Thursday

09 October 2014

“But our citizenship is in heaven, and it is from there that we are expecting as Saviour, the Lord Jesus Christ.” (v. 20)


Background

In today's passage, Paul encourages his readers to imitate his own behaviour and not to be distracted by those who live "as enemies of the cross of Christ" (v. 18).

It's not clear who exactly Paul had in mind here. Some commentators suggest that Paul was speaking about those who claimed that following Christ also involved obeying the Jewish customs, such as circumcision (Philippians 3:2). Others suggest that he was referring to those who claimed that, because of the forgiveness that Jesus made possible, trying to live a righteous life was not really important. Still others suggest that Paul is simply speaking about those who were diverted from the way of discipleship by the pull of the material world.

What is clear, however, is that the followers of Jesus are called to live by the values of heaven, because that is where their true home is to be found. In today's world, where many people spend parts of their lives living in different towns or even in different countries, the question is sometimes asked, "But where do you consider to be 'home'?" The answer can be shaped by a variety of factors and is not necessarily the place of birth.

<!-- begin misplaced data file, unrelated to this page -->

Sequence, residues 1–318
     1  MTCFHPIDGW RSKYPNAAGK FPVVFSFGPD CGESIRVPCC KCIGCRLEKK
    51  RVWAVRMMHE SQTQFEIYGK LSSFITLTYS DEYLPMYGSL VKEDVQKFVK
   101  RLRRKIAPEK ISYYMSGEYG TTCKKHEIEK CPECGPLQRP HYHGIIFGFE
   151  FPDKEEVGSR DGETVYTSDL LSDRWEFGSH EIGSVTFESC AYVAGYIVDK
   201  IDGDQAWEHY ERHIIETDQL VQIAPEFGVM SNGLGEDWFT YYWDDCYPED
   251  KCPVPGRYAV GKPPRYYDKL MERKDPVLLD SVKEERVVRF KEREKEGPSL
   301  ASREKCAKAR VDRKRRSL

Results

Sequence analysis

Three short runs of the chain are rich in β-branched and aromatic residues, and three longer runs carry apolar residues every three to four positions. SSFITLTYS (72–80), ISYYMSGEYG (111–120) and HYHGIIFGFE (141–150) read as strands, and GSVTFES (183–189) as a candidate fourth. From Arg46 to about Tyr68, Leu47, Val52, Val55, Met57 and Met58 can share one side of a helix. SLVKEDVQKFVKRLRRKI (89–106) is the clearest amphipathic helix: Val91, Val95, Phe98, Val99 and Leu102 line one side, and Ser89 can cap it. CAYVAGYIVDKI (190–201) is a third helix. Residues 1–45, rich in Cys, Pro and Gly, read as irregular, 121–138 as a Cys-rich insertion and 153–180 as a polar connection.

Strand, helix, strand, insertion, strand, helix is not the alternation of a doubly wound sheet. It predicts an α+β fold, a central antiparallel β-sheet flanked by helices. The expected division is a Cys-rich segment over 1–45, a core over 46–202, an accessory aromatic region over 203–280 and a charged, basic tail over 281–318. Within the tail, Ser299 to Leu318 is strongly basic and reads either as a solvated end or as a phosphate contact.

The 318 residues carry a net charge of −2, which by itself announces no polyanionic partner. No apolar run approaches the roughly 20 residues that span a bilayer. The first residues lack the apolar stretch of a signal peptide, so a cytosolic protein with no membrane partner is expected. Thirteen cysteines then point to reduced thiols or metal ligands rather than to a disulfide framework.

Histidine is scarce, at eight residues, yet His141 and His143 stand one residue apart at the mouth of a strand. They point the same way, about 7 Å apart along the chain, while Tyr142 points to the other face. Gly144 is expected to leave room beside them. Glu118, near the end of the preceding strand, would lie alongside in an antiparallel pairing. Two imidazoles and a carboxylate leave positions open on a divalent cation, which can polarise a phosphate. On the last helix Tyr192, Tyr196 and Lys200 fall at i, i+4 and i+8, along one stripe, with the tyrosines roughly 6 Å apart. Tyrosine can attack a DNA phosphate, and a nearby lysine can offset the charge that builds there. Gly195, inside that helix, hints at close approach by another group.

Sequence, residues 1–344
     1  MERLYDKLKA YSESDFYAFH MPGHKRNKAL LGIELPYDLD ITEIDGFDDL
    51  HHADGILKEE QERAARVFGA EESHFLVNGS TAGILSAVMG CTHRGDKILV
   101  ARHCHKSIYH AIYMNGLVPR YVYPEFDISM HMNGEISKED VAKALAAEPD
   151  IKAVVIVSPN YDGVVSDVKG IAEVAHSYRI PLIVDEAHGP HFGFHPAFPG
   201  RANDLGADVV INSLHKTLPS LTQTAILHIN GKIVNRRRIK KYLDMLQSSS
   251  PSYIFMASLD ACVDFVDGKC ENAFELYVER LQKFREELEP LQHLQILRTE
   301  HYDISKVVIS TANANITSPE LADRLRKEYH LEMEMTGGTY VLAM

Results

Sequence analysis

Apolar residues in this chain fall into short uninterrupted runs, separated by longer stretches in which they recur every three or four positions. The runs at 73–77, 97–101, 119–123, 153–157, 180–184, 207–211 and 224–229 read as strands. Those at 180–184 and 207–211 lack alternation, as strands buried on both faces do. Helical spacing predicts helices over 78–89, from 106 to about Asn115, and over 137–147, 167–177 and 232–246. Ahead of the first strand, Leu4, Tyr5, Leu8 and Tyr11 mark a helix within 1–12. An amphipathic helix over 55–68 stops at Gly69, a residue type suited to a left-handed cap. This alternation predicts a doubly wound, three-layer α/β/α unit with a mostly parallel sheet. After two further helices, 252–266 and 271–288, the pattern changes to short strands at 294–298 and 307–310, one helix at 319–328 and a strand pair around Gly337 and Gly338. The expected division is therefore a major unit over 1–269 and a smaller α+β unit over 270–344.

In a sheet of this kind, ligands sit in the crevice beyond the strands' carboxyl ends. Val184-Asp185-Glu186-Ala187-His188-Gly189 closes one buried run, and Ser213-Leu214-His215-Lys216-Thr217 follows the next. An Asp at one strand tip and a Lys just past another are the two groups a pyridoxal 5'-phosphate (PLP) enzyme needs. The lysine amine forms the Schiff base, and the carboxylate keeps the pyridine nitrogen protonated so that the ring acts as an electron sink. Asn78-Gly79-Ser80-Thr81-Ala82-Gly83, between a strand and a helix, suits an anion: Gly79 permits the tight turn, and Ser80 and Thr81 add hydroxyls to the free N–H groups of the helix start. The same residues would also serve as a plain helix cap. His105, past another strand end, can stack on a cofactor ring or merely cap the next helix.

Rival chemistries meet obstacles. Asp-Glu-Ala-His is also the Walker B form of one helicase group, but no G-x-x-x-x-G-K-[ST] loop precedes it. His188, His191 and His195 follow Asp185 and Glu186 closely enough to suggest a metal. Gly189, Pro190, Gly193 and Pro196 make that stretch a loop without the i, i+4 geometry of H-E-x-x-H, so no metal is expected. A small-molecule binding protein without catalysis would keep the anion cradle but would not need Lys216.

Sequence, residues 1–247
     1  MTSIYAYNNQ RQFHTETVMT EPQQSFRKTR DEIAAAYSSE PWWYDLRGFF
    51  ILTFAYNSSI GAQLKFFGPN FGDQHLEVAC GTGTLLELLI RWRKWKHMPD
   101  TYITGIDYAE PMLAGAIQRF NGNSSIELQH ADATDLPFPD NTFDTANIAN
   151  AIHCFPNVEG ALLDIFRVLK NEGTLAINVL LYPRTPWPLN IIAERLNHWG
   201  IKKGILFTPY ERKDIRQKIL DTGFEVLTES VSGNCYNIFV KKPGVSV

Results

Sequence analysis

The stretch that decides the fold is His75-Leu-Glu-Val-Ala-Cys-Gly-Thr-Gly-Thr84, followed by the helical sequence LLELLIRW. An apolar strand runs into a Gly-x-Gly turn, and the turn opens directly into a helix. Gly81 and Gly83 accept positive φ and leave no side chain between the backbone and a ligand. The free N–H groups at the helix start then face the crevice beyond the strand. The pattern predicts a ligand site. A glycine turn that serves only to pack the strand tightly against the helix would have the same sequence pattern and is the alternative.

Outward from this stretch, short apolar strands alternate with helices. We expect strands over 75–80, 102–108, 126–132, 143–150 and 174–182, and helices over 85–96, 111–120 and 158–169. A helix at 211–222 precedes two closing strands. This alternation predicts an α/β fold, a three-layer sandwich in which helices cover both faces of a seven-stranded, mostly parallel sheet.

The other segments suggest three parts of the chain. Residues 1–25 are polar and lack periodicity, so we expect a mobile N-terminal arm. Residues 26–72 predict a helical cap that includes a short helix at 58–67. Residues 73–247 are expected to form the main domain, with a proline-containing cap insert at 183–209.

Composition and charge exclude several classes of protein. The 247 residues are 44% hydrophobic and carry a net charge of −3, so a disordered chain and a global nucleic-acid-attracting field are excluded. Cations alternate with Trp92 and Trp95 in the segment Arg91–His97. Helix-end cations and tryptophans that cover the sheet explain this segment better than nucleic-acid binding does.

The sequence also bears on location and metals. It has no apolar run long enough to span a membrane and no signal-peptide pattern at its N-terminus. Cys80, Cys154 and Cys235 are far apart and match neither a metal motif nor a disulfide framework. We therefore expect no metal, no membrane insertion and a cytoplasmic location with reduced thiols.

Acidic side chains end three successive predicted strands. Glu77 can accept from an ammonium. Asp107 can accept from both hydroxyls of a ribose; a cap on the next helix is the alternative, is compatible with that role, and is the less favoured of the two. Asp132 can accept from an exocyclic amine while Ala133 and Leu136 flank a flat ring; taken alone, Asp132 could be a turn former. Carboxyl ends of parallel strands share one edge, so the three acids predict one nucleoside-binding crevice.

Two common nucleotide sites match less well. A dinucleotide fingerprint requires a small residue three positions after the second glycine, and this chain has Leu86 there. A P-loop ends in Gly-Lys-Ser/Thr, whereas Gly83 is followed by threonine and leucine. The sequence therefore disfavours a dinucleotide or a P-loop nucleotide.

Paul is clear that, for the follower of Christ, home is not anywhere in this world, and in verse 20 he uses the powerful phrase "our citizenship is in heaven". The word translated as "citizenship" in the NRSV is used nowhere else in the New Testament, and a precise translation into English is difficult. Words such as "commonwealth", "homeland" or "colony" have been suggested. It was a powerful image for the Philippians, who, although they were far from Rome, lived in a city which was governed by Roman regulations.

Whichever translation is chosen, it is clear that Paul believes that the followers of Jesus are to shape their lives by the values of the kingdom of God and not by the values of the particular geographical location in which they happen to live.


To Ponder:

  • Wherever you geographically find yourself today, what might it mean for you to live as a "citizen of heaven"?
  • In verse 18 Paul is tearful as he speaks of those who do not follow the way of Christ. What might it mean for us to have that depth of compassion for those whose values are different from ours?


Bible notes author:  The Revd Chris Blake

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